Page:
Programmers of music apps, or any products that need to access information about music, need to look up music metadata somehow. Normally this is achieved by calling an online database via its API. The programmer develops code to send a message to the API asking for music information by sending some identification of the entity (e.g. to find out information about a release, the release name is sent).
The quality of metadata lookups can be measured in two chief ways. The first is coverage, i.e. how likely a given query is to discover information. The second is accuracy; how likely the returned data is related to the information sought. Achieving high coverage and accuracy tends to depend on the input data used to perform the query. Some data types are less ambiguous than others, and will provide better results. Other types are more ambiguous and require more work to make the queries accurate.
I've been writing music software to discover music metadata for several years now, and I've learned a lot of tricks. Here are five ways to make your metadata discovery both more accurate and more likely to find matches.
A lot of programmers start looking for information about a given musical release by querying using the title and artist of the release. Most release titles are fairly unique and those that aren't (Greatest Hits) are disambiguated by the artist name.
Where this falls down is that every album an artist produces gets multiple worldwide releases, plus subsequent re-releases for successful albums (think digital remasters etc). These different releases have different metadata, and so the results for a query with a simple title/artist name pair may derive results for a release you weren't expecting. For example, the wrong year when a release has been re-issued.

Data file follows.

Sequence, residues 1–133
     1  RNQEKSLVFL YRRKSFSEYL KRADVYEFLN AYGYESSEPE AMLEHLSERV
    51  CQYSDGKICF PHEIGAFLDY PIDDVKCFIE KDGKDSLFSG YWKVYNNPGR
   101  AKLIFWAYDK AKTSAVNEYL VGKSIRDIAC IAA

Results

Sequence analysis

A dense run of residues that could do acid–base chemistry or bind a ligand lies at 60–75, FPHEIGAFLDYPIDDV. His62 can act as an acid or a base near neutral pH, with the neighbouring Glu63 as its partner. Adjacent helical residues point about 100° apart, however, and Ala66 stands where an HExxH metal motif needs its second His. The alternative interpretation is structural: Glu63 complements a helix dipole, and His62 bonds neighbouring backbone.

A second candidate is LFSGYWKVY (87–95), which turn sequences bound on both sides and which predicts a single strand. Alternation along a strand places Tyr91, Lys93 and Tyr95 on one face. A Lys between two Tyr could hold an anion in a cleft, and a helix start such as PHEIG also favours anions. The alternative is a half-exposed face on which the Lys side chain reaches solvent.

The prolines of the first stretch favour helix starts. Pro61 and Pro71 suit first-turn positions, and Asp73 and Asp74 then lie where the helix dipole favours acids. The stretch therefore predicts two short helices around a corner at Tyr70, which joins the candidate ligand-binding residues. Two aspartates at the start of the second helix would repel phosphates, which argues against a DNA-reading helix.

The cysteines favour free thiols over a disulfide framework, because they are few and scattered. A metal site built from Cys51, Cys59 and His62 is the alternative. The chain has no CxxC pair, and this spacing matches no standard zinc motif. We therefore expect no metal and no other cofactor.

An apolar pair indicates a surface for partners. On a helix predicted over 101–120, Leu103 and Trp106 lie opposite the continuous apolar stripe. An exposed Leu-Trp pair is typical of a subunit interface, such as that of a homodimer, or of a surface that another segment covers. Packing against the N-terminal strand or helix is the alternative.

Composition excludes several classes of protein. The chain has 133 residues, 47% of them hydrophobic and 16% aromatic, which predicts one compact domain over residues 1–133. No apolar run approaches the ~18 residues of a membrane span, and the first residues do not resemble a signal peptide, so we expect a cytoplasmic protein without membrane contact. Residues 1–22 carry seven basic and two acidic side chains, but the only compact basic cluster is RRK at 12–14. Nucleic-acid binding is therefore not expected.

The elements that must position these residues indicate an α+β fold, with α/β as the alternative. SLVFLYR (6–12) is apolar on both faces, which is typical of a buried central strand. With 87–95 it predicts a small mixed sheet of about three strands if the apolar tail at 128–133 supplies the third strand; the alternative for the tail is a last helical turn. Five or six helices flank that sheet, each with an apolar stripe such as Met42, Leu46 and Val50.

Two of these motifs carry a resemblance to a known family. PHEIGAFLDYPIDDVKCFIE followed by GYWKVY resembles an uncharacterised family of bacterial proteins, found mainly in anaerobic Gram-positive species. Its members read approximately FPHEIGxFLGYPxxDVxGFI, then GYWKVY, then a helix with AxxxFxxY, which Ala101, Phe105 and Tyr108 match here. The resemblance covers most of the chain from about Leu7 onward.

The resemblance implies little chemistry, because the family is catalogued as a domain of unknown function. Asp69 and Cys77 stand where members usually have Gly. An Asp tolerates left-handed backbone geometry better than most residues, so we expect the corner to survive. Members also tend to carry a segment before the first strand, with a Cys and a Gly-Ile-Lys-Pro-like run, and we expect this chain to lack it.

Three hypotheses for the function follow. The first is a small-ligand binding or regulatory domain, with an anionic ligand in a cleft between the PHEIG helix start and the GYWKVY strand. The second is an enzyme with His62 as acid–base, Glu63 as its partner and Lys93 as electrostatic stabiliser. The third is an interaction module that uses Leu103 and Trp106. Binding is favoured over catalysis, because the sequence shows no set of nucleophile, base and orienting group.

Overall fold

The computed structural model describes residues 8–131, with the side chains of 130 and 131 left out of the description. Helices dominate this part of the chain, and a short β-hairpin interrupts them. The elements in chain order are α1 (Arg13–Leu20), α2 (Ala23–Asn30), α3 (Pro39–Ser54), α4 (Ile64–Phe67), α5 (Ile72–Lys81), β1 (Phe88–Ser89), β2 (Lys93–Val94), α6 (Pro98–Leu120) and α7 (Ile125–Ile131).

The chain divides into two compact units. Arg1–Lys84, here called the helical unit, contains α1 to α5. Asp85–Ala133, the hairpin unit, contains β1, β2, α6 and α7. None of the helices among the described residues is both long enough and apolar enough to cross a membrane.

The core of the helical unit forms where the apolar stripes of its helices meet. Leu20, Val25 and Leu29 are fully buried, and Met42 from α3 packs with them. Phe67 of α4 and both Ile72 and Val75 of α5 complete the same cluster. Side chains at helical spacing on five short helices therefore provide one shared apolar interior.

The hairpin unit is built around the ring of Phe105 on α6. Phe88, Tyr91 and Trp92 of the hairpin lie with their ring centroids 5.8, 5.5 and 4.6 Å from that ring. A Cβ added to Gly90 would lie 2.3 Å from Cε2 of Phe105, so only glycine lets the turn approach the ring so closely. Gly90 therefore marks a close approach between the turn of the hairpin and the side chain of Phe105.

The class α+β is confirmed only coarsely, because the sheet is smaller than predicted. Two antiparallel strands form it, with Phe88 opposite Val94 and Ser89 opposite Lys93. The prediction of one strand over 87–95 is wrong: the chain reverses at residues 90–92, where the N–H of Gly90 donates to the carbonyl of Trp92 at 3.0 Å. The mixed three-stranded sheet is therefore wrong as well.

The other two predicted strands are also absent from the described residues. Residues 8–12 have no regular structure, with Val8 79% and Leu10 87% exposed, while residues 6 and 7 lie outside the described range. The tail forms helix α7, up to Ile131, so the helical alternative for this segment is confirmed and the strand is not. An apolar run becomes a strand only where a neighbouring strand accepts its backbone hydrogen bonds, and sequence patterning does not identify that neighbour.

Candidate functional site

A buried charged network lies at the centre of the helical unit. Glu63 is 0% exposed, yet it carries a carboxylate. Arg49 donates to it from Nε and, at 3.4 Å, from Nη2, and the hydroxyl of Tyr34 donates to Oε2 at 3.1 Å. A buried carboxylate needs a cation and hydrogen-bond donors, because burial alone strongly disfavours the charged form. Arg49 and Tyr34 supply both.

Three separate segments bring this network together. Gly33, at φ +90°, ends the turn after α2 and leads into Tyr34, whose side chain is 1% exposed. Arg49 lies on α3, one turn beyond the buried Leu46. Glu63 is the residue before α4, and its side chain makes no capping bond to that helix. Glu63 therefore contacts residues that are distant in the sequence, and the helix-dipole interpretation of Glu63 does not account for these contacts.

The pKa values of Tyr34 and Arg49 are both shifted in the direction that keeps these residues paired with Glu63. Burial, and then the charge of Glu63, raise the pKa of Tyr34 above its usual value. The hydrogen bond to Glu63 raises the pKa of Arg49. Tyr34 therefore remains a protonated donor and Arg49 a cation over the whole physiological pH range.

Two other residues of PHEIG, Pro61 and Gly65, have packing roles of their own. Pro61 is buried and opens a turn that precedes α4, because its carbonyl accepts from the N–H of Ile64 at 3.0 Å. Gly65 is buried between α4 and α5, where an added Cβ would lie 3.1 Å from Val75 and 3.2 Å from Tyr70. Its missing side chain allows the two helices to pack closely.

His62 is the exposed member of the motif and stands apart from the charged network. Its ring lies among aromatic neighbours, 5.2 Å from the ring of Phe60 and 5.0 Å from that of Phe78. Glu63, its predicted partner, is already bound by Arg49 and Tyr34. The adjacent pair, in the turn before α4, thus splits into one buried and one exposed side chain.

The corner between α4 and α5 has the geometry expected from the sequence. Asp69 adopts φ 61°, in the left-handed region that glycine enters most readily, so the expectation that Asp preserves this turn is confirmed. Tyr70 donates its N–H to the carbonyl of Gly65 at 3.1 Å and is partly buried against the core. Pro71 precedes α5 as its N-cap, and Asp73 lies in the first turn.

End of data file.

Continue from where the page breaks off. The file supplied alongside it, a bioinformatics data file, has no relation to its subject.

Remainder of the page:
A better way is often to use track names to query the API, if you have those names and the API supports it. Using track names at least helps to remove releases from different countries that contain additional tracks, and the same with re-releases. In addition, for complicated or long release titles which may include unexpected artifacts, track based searching can be the only way of finding a particular release.
When querying releases by title, sometimes "media artifacts" such as an identification of the CD within the release ("CD 1", "Disc II" etc) may be included. In most cases these "disc number artifacts" are of little use for querying online databases. It is best to remove these strings before querying. I've a regex for this; perhaps I'll write that up for a future blog post.
Another common "artifact" polluting release titles are years, sometimes within parentheses. Remove them too! But remember such extra information may be useful for refining the query or filtering results.
Long, complicated release titles are common with classical releases. The longer the release title the more scope for variance there is in the title and between databases. You may see titles for the same release include performer and conductor names, sub-titles and movement titles may be included, and more.
In many cases the different parts to these titles are separated by a delimiter. I often see "-" or "/" used. Here's one I've seen (not from my own library I hasten to add):
Shepard, Vonda and Friends - Ally Mcbeal - For Once In My Life
As a human we can see the actual release title is that final part, "For Once In My Life". However, when you are writing code you don't benefit from such thought processes and so you will have to derive an algorithmic approach. If you split by delimiter ("-" in this case) and make separate queries for each of the above you should eventually find your result.
One strategy for improving coverage is to not be too strict in the queries you send to online databases. Pass a general query, and then check the results with your own matching algorithms to make sure it is the data you expect. This can be helpful when the release title you are querying is a little inaccurate.
There are several ways of doing this. One is to use a common string difference algorithm such as Levenshtein distance to compare the expected and actual release/artist names, and track names and positions too if possible.
Finally, know your API. Different APIs have different syntaxes for querying them. For example, Discogs offers Lucene syntax for queries which is not obvious from their documentation.
By becoming members of the API's developer community you can learn these tips and tricks and help one another achieve better results.
I hope this list of tips has been helpful. If you have more tips, please list them below!
Thanks to Don Moyer who made the the image above available for sharing.